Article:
Notes from An Alien

~ Explorations In Reading, Writing, and Publishing ~

Can A Science/Tech Guy Help Creative Writers?


The science/tech guy I’m talking about is David DiSalvo and the article I think can help creative writers is on the business site Forbes.

Even better, the article is called 10 Smart Things I’ve Learned from People Who Never Went to College

David sets the scene with these words:

“I grew up in an extended family of folks who for the most part didn’t attend college. Many of them were working full time before they left high school, and a few (like my father) went to night school after they’d already been working for a long time.  From an early age my perspective was steeped in wisdom from those who never went to college, but managed to live fulfilling lives just the same. “

As usual, hoping you’ll take the link and read the whole article, I’ll give you only the descriptive titles of David’s 10 things I feel can help creative writers, with my brief comments:

1.  You can learn something useful from anyone.

For creative writers, this can certainly refer to Beta readers—expand your criteria for selecting them—you could get a pleasant surprise

2. If quality slips, it really doesn’t matter how good your ideas were.

Yep. The writer gets a Brilliant idea and fails to follow-through with the intense work it takes to turn it into a finished work

3. Don’t ever let a bully intimidate you – not even once.

Especially if that bully is in your own mind :-)

4. Reciprocity is the name of the relationship game and always will be.

Especially if you decide to self-publish and take on all the promotion work.

5. Learning is good; Doing is better.

Perhaps you should stop reading books about writing and take more time to write?

6. Kindness isn’t optional.

So broad, this advice—be kind in your judgements of your own writing, be kind to people who ask you how you write, be kind to those who don’t understand your dedication to a profession that seems to them like a waste of time………

7. You can survive anything (assuming it doesn’t physically kill you).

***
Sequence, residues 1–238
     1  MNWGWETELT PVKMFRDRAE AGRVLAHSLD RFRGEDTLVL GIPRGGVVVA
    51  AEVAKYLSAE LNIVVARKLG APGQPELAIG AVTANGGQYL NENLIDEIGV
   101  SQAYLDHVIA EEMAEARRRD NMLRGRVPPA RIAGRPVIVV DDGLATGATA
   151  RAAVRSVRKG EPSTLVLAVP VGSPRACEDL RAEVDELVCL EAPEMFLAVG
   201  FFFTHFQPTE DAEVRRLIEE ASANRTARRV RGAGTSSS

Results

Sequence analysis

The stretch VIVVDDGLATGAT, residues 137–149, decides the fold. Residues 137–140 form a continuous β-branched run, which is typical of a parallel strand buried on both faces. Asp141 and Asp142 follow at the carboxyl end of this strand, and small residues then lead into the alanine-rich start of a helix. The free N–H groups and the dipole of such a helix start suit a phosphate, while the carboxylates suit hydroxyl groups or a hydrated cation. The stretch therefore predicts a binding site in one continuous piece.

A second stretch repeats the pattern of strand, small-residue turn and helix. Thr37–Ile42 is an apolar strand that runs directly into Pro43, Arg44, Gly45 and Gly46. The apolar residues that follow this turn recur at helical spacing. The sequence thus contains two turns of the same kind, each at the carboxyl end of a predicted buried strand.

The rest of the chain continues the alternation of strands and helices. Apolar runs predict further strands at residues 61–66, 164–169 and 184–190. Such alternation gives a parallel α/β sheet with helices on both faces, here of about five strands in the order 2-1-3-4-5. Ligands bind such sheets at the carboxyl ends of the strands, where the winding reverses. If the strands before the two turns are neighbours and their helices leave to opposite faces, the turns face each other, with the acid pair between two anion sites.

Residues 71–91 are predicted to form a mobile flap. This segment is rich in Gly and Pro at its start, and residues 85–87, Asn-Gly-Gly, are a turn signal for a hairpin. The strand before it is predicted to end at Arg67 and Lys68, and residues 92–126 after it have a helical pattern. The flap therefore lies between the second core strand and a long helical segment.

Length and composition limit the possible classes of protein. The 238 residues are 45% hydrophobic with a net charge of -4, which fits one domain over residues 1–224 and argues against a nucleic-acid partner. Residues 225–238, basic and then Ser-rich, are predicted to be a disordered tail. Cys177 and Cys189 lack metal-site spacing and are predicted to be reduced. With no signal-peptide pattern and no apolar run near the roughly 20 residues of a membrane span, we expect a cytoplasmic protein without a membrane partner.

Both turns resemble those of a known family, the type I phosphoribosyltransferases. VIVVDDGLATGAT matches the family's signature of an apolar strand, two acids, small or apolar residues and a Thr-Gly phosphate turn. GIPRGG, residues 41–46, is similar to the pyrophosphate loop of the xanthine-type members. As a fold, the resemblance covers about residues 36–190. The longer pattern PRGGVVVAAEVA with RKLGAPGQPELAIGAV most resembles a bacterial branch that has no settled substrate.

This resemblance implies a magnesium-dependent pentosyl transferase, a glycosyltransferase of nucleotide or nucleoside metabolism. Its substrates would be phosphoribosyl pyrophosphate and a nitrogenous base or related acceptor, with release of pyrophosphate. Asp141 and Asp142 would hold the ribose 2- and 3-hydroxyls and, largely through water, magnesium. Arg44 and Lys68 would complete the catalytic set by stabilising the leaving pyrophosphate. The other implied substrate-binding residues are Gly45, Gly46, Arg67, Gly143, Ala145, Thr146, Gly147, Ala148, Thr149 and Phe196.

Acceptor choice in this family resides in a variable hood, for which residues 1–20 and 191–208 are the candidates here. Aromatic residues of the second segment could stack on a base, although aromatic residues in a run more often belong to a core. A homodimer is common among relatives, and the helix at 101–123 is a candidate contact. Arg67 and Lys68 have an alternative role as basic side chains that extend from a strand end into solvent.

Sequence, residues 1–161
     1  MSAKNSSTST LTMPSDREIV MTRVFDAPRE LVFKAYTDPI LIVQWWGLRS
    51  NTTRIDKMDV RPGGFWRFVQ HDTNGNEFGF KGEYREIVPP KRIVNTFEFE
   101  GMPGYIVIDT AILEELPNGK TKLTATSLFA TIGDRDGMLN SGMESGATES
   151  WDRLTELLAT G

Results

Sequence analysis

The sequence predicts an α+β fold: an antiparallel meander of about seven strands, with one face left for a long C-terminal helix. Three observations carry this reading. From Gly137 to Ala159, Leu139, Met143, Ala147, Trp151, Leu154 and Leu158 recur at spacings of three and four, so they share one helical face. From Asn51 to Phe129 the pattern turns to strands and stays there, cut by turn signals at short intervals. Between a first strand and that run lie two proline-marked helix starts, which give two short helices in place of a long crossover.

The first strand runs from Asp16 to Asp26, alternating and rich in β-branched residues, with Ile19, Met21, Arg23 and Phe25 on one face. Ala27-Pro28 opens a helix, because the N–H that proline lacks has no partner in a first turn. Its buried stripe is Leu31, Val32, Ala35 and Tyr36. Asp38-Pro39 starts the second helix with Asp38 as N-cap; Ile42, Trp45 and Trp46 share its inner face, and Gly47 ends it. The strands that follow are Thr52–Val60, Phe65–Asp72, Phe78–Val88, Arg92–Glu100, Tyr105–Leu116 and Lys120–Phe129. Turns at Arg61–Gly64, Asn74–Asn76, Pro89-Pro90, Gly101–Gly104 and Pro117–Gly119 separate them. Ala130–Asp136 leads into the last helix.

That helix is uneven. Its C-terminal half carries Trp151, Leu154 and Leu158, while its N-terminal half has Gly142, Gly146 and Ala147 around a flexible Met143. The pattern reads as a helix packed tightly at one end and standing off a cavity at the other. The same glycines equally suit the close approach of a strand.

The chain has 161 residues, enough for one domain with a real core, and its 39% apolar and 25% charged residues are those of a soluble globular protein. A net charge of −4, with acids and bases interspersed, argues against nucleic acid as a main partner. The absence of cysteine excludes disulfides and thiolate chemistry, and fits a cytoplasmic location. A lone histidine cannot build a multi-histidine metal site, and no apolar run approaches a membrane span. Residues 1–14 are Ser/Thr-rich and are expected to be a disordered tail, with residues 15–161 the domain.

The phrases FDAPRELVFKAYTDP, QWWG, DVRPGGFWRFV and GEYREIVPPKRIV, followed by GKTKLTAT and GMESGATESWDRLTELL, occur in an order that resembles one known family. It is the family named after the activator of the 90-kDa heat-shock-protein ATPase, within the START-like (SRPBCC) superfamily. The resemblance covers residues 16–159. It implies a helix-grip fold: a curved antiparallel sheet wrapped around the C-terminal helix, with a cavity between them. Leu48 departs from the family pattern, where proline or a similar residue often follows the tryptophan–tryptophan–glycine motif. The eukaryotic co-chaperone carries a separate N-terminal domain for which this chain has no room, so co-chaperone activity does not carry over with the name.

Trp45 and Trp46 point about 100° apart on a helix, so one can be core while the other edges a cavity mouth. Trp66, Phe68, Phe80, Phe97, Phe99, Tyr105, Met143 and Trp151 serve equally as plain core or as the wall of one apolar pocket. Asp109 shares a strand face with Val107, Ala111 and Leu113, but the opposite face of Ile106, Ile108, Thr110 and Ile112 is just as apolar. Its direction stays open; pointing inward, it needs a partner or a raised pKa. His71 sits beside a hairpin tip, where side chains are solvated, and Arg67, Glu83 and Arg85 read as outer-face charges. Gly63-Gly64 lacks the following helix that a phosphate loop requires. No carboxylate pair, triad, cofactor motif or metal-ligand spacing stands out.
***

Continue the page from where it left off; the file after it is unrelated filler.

Why, perchance, this even means you can survive negative criticism and reviews :-)

8. Get a dog.

Or a cat, or a lizard, or a monkey, or get on deep and intimate terms with your Muse

9. Money is important, but experience is invaluable.

Very personal take on this one—accept a low-income position that doesn’t tax you so you can write, write, write.

10. Just be ready.

And, how do you get “ready”? Write, write, write :-)

O.K., now I’m hoping you’ll go read David’s article and come back here and share in the comments which of his bits of advice meant the most to you
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7 responses to “Can A Science/Tech Guy Help Creative Writers?

  1. martinaseveckepohlen August 17, 2012 at 11:55 am

    Different interests make differnent views of the world. Writers are hoarders, just like teachers, therefore they profit from other ways of thinking. I know I learned a lot from my adult students who came from other countries and whose occupations varied from field labourer to professor of music.

    Like this

    • Alexander M Zoltai August 17, 2012 at 11:58 am

      What a Wonderful Resource to have had, Martina :-)

      Like this

  2. Selena Wolff (@SelenaWolff) August 17, 2012 at 11:58 am

    Excellent advice! I’m so glad you are still imparting your wonderful wisdom.

    Like this

    • Alexander M Zoltai August 17, 2012 at 11:59 am

      Great hearing from you again, Selena :-)

      Like this

      • Tim Kavi August 17, 2012 at 7:09 pm

        Thank you for sharing this article. I read your posts regularly. I get the notices in my email. I have tried to leave comments before but sometimes my connection is er, strange. (there are a lot of people on the net here in China). I think this article is great it reminds us that there are many resources we can learn from but we must also do something with that knowledge. I liked number 2, the issue about quality. It seems I am never totally happy with something I write. I think it is just me, but I always don’t like finishing things, because they always seem to be lacking in my mind. (Maybe because they are not the best I can do I think). After the polishing, editing, cutting, it is better but it does take a lot of time, The old saying familiarity breeds contempt perhaps rings true, but there must come a point when we bravely finish something and submit it. Bullying reviews afterwards never help either. Heheheh a whining session. My point is: what do we do about quality? And when is it truly ready? Do test readers help, and if so, any resources to get them if they are not family or friends?

        Like this

        • Alexander M Zoltai August 17, 2012 at 7:18 pm

          My feeling is that a work is “truly ready” when you and your beta-readers and editor(s) all feel it’s ready; though, there are times the writer’s feelings can definitely outweigh readers and editors

          You could try engaging with folks on writing critique sites and discover potential beta-readers that way

          Hope this helps :-)

          Like this

  3. Pingback: Can A Science/Tech Guy Help Creative Writers? « Notes from An Alien | Creative writing 2 | Scoop.it

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